U.S. Attorney’s Office and California Office of Emergency Services Join Representatives of the Greater-Fresno Muslim Community in Effort to Strengthen ties and Equip Communities to Counter Radicalization to Violence
SACRAMENTO, CA—On Saturday, October 17, the United States Attorney’s Office, in partnership with the California Office of Emergency Services, held a Community Resilience Exercise (CREX) at the central library at California State University, Fresno. The day-long event, involving about 50 participants, brought together representatives of law enforcement and other government agencies with representatives of Muslim communities in the Fresno and Madera areas.
Law enforcement participants included the U.S. Attorney, Fresno Office Chief Mark E. Cullers, Assistant Director David Fukutomi of CalOES, Fresno Sheriff Margaret Mims, Fresno Police Chief Jerry Dyer, Fresno State Police Chief David Huerta, and others including school resource officers, FBI agents, and mental health professionals from the Fresno County Department of Behavioral Health. Muslim community representatives included religious leaders from several congregations such as Masjid Fresno, Masjid Madera, Badr Islamic Center, Masjid Al-Aqabah, and Islamic Cultural Center of Fresno; business, academic and civil leaders; representatives of the Muslim Society of Central California; and students.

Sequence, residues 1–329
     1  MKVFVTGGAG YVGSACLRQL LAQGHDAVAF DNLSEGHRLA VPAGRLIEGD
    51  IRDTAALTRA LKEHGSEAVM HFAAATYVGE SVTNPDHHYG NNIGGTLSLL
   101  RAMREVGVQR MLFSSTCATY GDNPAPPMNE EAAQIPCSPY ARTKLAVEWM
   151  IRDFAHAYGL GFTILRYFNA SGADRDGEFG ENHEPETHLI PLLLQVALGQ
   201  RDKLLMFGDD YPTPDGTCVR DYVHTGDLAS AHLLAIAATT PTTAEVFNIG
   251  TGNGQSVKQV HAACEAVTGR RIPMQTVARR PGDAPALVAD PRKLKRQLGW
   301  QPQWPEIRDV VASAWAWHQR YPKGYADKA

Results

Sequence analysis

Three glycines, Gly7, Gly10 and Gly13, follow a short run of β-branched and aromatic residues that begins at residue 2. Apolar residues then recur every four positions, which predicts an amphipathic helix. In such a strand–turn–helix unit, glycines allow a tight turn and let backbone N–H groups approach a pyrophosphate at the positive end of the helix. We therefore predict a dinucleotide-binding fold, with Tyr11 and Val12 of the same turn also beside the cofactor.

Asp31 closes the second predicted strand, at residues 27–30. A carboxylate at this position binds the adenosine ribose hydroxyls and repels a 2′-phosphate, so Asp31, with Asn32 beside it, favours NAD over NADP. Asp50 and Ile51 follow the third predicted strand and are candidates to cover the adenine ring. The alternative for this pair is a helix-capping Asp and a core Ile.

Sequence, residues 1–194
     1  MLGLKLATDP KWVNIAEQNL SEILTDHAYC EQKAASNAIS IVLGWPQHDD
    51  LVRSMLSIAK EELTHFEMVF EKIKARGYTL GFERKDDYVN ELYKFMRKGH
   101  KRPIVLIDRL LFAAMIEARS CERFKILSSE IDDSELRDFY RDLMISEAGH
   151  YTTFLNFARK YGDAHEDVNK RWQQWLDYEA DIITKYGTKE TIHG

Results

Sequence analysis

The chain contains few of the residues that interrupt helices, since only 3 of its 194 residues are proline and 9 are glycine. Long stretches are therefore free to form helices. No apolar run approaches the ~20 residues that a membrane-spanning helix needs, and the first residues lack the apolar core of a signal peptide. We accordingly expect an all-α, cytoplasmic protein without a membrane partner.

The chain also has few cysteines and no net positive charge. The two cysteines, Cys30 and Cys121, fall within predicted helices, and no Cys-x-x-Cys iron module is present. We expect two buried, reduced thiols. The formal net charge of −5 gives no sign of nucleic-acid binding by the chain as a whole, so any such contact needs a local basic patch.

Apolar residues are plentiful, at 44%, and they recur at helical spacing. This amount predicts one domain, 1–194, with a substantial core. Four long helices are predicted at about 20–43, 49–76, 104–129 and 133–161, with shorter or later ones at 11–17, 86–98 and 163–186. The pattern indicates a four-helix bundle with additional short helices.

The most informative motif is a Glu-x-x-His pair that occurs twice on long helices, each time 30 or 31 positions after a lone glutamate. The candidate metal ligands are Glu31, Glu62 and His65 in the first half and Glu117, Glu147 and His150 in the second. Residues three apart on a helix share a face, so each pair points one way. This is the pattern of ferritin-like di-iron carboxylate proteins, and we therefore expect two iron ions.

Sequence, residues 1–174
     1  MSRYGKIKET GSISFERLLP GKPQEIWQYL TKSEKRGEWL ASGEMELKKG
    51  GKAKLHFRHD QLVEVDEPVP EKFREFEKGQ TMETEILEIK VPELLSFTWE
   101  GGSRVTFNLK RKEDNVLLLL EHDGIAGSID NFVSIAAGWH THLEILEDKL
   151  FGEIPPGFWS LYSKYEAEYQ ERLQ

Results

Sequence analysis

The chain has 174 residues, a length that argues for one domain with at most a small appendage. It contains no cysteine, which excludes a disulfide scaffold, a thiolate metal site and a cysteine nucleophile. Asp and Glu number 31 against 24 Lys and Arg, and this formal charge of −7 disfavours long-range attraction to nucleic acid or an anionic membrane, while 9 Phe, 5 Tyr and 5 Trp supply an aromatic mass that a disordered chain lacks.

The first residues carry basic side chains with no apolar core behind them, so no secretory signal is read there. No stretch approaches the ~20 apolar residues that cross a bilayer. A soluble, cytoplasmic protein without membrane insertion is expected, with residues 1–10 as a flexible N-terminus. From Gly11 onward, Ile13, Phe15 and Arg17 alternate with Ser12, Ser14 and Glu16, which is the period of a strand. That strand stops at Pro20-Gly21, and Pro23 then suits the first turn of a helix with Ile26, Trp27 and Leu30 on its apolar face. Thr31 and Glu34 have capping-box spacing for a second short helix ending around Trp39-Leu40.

ISIS and other violent extremist organizations are adept at using modern communication channels to recruit and radicalize young people. The CREX is a scenario‑based exercise, facilitated by professionals from the National Counterterrorism Center, designed to strengthen relationships between Muslim communities and government and to help both community leaders and local law enforcement focus on local resources and strategies to protect young people and their communities from these groups.
“We in law enforcement must work hand-in-hand with people of all faiths in order to effectively protect children and our communities. No one is more concerned about these issues than people in the communities that are targeted for recruitment by extremists,” said U.S. Attorney Wagner. “Our exercise this weekend is just one example of how various Muslim communities throughout our district are committed to helping address this problem. I am honored to work with them in carrying out this very important work.”
Cal OES Assistant Director David Fukutomi stated: “The Governor’s Office of Emergency Services (Cal OES) is proud to be a co-sponsor of this important effort. We appreciate the participation of the local community leaders as we seek to build lasting relationships that will have lasting benefit to our families and communities.”
Over 250 U.S. citizens or residents have traveled or attempted to travel to Syria and Iraq since early 2014 to join militant groups, mostly ISIS. Many of them are minors, including young girls. Approximately 28 have been arrested by federal authorities while attempting to travel overseas to join extremist groups.